More than 3,400 Americans rejected from entering Canada last month for shopping, sightseeing
TORONTO -- The Canada-U.S. border has been closed to travellers for more than half a year now, but thousands of Americans don’t seem to be getting the message.
Another 3,441 travellers from the U.S. were rejected from entering Canada over the last month, according to new figures from the Canada Border Services Agency.
Between March 22 and Oct. 2, 22,414 foreign nationals have been rejected from entering Canada by land, air and waterways, 87 per cent of them Americans. The other 13 per cent were citizens of other countries trying to enter Canada via the U.S.
Most travellers were rejected as they tried to enter the country by land or waterways, with tourism and sightseeing cited as a top reason for being turned away. Recreation and shopping were also among the reasons travellers were blocked from entry.
Despite the border restrictions, thousands of travellers — the majority of them Canadians — continue to travel internationally to and from Canada. Between Sept. 28 and Oct. 4, the CBSA recorded 54,934 travellers by air, 66 per cent of whom were Canadian. That’s a 92-per-cent drop from the travel volume the same time in 2019.
Truck drivers entering Canada are up one per cent from this time last year. No measures have been put in place to restrict commercial shipping over the border as trucks are a main conduit for food and medical supplies.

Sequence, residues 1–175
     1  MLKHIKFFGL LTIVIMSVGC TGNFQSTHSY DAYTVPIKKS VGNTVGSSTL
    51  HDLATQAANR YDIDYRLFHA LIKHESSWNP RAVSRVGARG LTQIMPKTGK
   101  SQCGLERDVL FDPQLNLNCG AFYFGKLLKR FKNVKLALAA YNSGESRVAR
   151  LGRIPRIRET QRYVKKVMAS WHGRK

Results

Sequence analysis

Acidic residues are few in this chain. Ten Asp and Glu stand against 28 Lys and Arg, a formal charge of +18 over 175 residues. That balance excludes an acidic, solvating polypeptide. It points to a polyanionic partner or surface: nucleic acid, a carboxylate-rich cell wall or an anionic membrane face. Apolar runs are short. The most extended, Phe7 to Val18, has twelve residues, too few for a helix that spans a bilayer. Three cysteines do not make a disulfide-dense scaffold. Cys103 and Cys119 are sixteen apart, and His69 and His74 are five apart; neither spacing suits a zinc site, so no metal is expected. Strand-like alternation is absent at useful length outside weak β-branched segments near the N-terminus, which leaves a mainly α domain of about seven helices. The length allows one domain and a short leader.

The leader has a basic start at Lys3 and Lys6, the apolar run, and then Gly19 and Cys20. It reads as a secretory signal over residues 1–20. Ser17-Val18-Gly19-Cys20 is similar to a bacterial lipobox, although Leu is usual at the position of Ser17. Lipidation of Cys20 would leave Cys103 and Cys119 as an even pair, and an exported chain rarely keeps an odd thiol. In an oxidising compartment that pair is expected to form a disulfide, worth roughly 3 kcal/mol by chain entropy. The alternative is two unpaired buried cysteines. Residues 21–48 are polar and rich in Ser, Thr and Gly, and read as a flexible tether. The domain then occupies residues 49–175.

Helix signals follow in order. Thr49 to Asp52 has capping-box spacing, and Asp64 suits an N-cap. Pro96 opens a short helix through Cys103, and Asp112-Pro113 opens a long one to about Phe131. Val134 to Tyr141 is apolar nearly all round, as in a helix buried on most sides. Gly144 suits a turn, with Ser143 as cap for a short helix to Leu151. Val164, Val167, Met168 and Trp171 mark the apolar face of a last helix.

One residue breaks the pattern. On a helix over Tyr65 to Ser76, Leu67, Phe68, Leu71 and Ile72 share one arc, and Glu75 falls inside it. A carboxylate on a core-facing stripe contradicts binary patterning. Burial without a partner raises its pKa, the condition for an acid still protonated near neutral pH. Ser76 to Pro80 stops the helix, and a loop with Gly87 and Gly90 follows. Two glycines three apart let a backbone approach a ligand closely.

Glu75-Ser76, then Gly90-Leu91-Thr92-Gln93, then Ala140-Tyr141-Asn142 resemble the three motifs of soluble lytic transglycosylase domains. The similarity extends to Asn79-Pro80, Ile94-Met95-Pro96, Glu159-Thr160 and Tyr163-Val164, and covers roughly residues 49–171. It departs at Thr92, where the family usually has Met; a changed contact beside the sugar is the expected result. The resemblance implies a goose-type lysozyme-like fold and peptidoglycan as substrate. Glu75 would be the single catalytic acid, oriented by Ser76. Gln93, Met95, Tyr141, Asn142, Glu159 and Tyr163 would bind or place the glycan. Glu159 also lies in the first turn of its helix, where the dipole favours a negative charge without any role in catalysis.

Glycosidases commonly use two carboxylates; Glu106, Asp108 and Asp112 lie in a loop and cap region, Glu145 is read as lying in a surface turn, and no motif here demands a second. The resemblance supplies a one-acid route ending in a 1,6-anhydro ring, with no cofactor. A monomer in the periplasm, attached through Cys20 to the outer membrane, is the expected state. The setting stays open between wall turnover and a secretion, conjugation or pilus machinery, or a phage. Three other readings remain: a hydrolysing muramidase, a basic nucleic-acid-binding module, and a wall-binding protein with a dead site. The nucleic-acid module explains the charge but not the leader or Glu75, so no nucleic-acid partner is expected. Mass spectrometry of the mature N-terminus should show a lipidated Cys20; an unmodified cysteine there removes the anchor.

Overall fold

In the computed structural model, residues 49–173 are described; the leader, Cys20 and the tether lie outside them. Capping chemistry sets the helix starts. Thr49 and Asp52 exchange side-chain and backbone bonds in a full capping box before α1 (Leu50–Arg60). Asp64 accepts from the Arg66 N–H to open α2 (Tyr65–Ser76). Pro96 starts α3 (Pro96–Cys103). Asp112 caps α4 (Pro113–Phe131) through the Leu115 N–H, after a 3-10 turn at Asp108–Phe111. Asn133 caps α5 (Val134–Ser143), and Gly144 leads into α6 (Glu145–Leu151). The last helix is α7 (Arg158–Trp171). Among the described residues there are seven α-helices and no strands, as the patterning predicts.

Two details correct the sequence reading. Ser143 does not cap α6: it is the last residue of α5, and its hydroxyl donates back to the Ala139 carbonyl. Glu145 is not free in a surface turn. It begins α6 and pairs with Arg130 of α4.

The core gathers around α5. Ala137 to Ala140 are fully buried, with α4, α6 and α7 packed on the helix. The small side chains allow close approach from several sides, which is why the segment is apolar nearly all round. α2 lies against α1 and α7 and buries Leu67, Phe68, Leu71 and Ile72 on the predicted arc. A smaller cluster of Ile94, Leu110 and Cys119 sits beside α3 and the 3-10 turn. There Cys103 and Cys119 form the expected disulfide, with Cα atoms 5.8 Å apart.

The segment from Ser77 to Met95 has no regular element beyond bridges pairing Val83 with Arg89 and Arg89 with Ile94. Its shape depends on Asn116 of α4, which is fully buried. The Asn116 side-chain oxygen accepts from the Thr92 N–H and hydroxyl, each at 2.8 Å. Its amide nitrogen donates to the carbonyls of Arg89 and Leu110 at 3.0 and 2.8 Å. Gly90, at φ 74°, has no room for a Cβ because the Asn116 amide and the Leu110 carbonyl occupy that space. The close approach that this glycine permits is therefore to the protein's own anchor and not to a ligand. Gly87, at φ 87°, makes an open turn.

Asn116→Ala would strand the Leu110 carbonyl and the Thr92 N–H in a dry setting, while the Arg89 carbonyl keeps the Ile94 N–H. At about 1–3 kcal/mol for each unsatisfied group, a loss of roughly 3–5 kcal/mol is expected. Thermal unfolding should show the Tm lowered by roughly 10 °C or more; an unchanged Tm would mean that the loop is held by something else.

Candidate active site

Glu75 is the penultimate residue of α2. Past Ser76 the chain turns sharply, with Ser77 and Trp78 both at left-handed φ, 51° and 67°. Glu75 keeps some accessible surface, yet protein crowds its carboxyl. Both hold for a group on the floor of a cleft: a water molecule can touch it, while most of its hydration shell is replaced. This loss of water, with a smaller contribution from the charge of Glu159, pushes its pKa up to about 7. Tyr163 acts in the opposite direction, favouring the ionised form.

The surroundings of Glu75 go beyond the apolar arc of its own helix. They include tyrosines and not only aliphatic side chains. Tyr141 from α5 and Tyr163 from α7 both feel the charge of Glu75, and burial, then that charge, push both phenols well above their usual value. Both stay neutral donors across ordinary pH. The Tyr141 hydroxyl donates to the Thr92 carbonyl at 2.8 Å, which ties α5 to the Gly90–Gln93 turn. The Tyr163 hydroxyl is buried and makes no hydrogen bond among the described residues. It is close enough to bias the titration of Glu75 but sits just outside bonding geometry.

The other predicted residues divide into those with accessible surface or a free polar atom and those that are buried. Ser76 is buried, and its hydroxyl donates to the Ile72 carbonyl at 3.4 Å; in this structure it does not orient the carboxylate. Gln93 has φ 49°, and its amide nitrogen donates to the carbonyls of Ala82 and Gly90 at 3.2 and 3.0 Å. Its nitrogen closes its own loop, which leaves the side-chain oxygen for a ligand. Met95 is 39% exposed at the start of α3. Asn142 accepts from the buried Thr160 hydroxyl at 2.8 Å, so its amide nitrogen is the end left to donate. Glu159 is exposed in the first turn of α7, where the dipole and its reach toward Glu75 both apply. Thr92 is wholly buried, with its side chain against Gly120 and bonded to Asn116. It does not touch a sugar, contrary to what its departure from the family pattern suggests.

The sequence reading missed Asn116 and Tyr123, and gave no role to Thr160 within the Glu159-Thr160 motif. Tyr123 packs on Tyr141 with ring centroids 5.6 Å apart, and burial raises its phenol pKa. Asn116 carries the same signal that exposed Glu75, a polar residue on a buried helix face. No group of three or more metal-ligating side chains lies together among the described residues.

Non-essential travel to Canada continues to be banned, but the federal government recently unveiled plans to ease restrictions to allow more extended family members into Canada on compassionate grounds, as well as allowing international students to enter the country under certain criteria.
As of Thursday, extended family members of Canadian citizens and Canadian permanent residents, including those in an exclusive dating relationship of at least one year and their dependent children, as well as adult children, grandchildren, siblings and grandparents can come to Canada.
Long-term but unmarried couples who do not share an address will need to provide a notarized declaration about their relationship.
Also able to enter the country as of Oct. 8 are non-relative foreign nationals under compassionate reasons in specific circumstances, such as a close friend experiencing a life-threatening illness, critical injury or death, with the potential for limited release from quarantine to visit the injured or dying loved one.
Anyone who re-enters Canada must quarantine for 14 days. While many countries have reopened travel to Canadians, the federal government has advised against all travel on cruise ships outside Canada until further notice.
With files from Rachel Aiello and Alexandra Mae Jones